So, what makes us audiophiles crawl into music and dissect it into sounds, nuances of it, measure the depth and width of soundstage, loose ability to enjoy it when played in the background. Or, why is it that what we perceive as a better recording, gets us more excited then the one with same music but of poorer quality. Is music not an end for us audiophiles, no matter how much we love it. And most of us audiophiles do love music. We are a weird bunch. We luxuriate in this stuff. It’s hypnotic.
Mind you, all this refers to recorded music. We never seem to have the same stance toward live music venues. Halls surely have a functional purpose. Small or large, they completely squash the audiophile in us, perhaps for their intended absorptive, defusing and huge “sweat spot” area.
Recording is reproduction
Like many musicians, many recording engineers aren’t audiophiles either. Human nature, level of self-discipline and length of individual experience are some of the factors how many buttons will be touched or knobs turned by a recording engineer during a session in a studio. Most gum things up. A button is there, why not use it. Turn that sucker up, make things larger then they really are. While at it, make it louder too. Bitter reality is that, as consumers, this is beyond our control or influence.
Individual tastes dictate many definitions of perfection. There is no such thing, as there is a weak link in every chain. Some recordings are downright diddly, some impress us in comparison, but there’s always going to be something missing in any of them. However, we must ask ourselves if distortion of the recording is useful, a necessary course of action. What if works well? My guess is that there are as many answers to this question as there are individual tastes.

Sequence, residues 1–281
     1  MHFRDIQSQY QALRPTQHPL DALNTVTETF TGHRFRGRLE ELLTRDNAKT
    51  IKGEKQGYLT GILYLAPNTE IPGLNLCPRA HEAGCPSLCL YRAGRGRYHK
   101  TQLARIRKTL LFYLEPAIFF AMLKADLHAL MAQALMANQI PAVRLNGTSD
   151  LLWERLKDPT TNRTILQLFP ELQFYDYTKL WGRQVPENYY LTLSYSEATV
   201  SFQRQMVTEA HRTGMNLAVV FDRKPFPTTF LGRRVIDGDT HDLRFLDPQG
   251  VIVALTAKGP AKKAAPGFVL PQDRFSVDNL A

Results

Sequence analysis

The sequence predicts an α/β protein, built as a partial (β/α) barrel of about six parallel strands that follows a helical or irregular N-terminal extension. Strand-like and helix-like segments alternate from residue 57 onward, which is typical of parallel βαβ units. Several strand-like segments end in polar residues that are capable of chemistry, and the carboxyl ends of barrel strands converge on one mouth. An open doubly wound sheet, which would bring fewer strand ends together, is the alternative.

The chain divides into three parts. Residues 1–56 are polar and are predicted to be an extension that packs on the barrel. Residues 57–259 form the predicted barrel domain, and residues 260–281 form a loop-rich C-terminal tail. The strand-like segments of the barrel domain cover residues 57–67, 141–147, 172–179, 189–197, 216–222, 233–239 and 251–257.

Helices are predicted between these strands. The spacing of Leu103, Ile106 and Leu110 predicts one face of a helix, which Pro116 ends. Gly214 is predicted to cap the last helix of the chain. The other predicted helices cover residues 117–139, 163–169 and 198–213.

How about distortion measurements, would they close this argument – opinionated (read: audiophiles) would ask. They would, if they could govern an individual preference. Hang on a second, they would say – anything can be measured, provided enough testing. A huge assumption at best, if you ask me, based largely on propensity of those involved in such tests.
Relevant engineers, very much like audiophiles, like to listen – to themselves and they hardly ever hear each other. Some of us audiophiles position ourselves against science and the very engineers that make the home music reproduction possible in the first place. Why? Because we disagree with them, perhaps. Ask yourself, what would you do without engineers. For me, I’d be floating through space, mentally, with my body standing in front of my ESL panel, looking fixedly at now empty frame, into which a diaphragm was once mounted, had the DuPont Films invention been suddenly unmade. Beyond upsetting..
No doubt, a lot of our distortion related discourse (and perhaps all discourse) stems form our inclination to consider ourselves to be right. Our preferences are correct and we’re pushy about it. The fact is, we all have our own definitions of transparency, neutrality, fidelity, accuracy, you name it. Our own versions, if you will. And who’s to tell us that we are wrong? If music gets you off your rear end and makes you bust a move, please tell me – why you should give a damn.
No form exists without having its own character. You have your own way of connecting with the music you love. Don’t justify it.